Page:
Asymmetric price effects on food demand of rural households: Panel evidence from China

Jiaqi Huang*, Gerrit Antonides, Fengying Nie

*Corresponding author for this work

Research output: Contribution to journalArticleAcademicpeer-review

4 Citations (Scopus)


This study aims at detecting asymmetric price effects on food demand for rural households and compares different specifications for including reference prices in demand models. Different from the standard demand model, asymmetric price effects on food demand imply that households react stronger to price increases than price decreases as compared with the reference price. This study tests for asymmetric price effects on food demand separately for pure consumers and farmers in rural areas for the first time. Using three waves of a rural household panel survey in six poor counties of China, this study shows asymmetric price effects on demand for rice and potatoes for pure consumers, and for pork for farmers. Comparisons of different methods of specifying the reference price in demand models show that the model adding price increase and price decrease terms to the standard demand model has a coherent foundation in demand theory and incorporates both acquisition and transaction utility. Although this model had a slightly better fit to the data than the segmented price model—separating people facing price decreases from people facing price increases—it hardly showed evidence of asymmetric price effects. Asymmetric price effects were mostly found to be significant in the segmented price model. Taking into account asymmetric price effects in food demand analysis uncovers the complexity of the mechanism of price effects on demand under different price change directions and may be helpful in estimating less biased price elasticities. Possible causes of mixed asymmetric price effects for different food items and different types of households are discussed.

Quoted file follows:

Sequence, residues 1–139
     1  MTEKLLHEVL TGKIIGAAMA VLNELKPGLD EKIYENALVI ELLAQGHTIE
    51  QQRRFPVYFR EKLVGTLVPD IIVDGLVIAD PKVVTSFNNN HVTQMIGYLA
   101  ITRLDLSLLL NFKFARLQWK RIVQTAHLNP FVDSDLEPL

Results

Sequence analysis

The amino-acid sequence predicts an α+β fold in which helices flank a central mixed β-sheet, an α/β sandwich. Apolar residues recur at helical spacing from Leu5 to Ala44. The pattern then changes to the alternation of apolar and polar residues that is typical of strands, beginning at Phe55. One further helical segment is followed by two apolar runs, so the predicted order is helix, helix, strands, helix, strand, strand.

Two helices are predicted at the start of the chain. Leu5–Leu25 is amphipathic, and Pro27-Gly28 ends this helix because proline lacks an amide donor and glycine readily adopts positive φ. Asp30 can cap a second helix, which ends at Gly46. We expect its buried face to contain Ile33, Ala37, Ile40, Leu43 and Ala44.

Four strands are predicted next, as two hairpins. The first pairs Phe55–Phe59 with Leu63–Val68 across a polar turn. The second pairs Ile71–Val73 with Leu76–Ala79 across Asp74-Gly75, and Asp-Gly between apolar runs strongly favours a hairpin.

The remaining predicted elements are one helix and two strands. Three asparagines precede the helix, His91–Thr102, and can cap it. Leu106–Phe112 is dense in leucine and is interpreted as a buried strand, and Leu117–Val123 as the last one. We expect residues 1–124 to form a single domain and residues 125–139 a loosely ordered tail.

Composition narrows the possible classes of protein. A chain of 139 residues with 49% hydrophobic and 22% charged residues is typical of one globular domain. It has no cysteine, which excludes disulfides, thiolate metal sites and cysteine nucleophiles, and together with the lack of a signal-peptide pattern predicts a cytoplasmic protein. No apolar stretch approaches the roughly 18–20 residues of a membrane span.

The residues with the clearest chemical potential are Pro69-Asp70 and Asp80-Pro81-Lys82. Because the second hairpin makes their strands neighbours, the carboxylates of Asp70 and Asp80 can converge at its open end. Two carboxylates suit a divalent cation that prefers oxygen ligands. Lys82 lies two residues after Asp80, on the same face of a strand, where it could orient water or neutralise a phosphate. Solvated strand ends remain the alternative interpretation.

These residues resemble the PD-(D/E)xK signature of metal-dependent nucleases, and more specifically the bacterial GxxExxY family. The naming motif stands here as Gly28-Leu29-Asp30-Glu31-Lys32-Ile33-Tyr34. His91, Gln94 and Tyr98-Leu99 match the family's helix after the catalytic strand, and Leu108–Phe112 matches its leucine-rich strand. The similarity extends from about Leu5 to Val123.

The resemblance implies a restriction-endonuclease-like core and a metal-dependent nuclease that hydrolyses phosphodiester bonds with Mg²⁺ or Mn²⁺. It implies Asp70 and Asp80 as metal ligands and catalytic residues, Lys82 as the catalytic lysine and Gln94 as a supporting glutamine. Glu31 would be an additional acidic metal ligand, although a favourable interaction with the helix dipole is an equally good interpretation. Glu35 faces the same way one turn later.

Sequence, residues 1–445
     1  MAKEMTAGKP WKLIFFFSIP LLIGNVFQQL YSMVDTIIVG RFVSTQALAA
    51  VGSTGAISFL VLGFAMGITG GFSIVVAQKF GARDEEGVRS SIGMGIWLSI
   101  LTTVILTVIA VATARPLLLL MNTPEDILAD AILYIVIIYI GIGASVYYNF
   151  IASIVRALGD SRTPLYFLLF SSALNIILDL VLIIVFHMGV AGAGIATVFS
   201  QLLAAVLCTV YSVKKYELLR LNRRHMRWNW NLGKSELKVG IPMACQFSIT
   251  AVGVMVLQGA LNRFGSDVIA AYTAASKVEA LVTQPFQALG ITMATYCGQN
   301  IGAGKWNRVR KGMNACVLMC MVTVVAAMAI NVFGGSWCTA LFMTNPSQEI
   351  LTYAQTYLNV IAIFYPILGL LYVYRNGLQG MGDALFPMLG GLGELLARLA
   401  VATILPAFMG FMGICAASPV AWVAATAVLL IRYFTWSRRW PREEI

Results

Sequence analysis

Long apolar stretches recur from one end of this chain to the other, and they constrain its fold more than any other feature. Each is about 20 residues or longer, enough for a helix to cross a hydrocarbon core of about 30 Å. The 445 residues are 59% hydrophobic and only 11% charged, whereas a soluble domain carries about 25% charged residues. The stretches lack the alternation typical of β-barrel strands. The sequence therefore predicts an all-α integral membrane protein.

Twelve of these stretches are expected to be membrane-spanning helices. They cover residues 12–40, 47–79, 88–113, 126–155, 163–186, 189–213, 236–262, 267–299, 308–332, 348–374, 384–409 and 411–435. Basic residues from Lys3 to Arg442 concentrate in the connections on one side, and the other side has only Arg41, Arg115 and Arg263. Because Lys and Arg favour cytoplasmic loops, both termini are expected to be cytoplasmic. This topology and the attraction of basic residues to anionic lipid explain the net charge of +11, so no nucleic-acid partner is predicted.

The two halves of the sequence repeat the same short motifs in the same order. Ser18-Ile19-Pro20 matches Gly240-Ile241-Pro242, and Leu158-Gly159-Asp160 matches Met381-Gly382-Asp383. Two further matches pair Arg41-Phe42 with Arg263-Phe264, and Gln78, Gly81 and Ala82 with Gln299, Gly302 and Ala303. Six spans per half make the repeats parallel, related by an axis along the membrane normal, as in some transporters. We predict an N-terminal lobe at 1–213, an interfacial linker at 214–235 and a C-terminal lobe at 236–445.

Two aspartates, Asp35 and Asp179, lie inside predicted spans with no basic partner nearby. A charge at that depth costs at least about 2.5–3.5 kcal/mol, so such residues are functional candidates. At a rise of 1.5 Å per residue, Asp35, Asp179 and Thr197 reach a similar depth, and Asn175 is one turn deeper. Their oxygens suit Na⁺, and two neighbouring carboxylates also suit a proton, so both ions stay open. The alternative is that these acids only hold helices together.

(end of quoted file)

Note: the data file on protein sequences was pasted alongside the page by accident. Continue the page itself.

Original languageEnglish
Article number102473
JournalJournal of Economic Psychology
Publication statusPublished - Mar 2022


  • Asymmetric price effects
  • Food demand
  • Rural households


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